When to Grow A Spring Cover Crop
Cover crops are the perfect way to prepare your garden for a plentiful fall harvest if you are skipping the early spring vegetables this year. Instead of letting the weeds go rampant, reduce and suppress them with a cover crop. If your garden isn’t feeding you, it might as well feed itself. Right? Spring cover crops are meant to help boost nutrients in the soil, suppress weeds, increase biomass (organic matter), and attract pollinators and other beneficial insects. You don’t need to look at a garden full of weeds before you are ready to start planting in the summer.
To help you plan and prepare your garden for the best season yet, we have provided a list of cover crops based on the benefits they provide. To get started, plant your seeds by broadcasting them over your home growing space. Alfalfa, barley, and spring wheat do well when planted in the early spring (mid-March to early April in areas without a frost). You should wait to plant all others until just past your last spring frost date for your location.
More Resources and Cover Crop Information
If you are interested in learning more about what cover crops or don’t know where to start, read our “What Are Cover Crops And Green Manures Used For?” article. The big reason we use cover crops is to prevent soil erosion and restore soils. This does not only apply to large farms, it is also essential in the home garden. Cover crop practices can also be used to feed animals such as chickens.
For a complete look at how to grow individual cover crops, we recommend reading through our free cover crop grow guide for advice tailored to each crop. Here you will find many of your questions answered.
- New Zealand Clover
- Sweet Clover
- Field Peas
Atracts Beneficial Insects
Reduce Soil Compaction
- Sweet Clover
- New Zealand Clover
- Sweet Clover
- Hulless Oats
- Spring wheat
About the Author
I'm Ashleigh Smith, a native to Northern Utah. I first gained a love of gardening with my grandmother as I helped her each summer. I decided to make a career of it and have recently graduated with a Bachelor's degree in Horticulture from Brigham Young University - Idaho. My studies have focused on plant production while I also have experience in Nursery & Garden Center Operations.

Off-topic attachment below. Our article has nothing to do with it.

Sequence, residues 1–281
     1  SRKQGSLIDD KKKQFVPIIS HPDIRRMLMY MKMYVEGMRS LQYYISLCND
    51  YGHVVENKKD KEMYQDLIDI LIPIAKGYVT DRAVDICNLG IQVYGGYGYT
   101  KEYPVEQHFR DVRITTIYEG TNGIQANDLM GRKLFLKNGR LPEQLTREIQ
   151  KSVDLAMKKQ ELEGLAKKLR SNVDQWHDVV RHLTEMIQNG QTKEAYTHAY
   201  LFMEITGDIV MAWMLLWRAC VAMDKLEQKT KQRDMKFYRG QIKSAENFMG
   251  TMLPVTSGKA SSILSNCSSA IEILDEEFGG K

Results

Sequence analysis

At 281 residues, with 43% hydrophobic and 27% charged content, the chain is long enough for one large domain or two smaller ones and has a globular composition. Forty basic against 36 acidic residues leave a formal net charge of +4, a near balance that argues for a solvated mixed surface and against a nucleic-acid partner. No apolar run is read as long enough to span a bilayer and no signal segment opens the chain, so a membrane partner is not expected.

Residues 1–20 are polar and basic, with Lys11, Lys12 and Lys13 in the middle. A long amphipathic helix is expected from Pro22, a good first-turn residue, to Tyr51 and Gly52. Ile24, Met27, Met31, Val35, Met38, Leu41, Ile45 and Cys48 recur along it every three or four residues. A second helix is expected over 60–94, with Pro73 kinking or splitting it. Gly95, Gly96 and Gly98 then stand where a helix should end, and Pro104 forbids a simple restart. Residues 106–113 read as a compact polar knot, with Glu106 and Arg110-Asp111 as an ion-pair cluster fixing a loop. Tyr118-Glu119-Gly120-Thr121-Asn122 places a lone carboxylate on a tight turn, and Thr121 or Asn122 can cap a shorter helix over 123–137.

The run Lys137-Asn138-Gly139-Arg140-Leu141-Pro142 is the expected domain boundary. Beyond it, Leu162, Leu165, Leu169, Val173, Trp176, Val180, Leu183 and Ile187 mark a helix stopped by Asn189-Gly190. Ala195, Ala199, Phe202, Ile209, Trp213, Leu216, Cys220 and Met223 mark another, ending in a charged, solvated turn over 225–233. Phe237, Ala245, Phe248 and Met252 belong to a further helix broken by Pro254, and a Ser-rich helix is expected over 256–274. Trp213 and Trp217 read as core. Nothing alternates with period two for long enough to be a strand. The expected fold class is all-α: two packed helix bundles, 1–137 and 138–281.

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This is great information. Would you have different recommendations for cover crops for zone 9? I live in north central florida and would love to start some cover crops to help prepare my soil for a garden and feedmy animals. Great idea!
I love this article. I’ve never done cover crops but this fall I am going to try planting some to see peas to see if I can help out my soil. Thanks for the advice.
I’m definitely thinking about cover cropping this year!!
I’ve never done cropping but this article is very informative. I might try next year!
When talking cover crops there is no mention of daikon radish to be used for breaking up heavy clay soils.
Walter S Ferguson III
I am 71 yo. My wife and I raise some honey bees. I wanted to plant Mustard as I know they love to feed on the blossoms and it’s great for weed control. We have 5 acres. Some of it is garden (3/4) acre and rotated with red clover. Some is planted into plots of 3 different kinds of clover (1/4 acre each). What kind of mustard can I plant in Upstate NY, zone 6?
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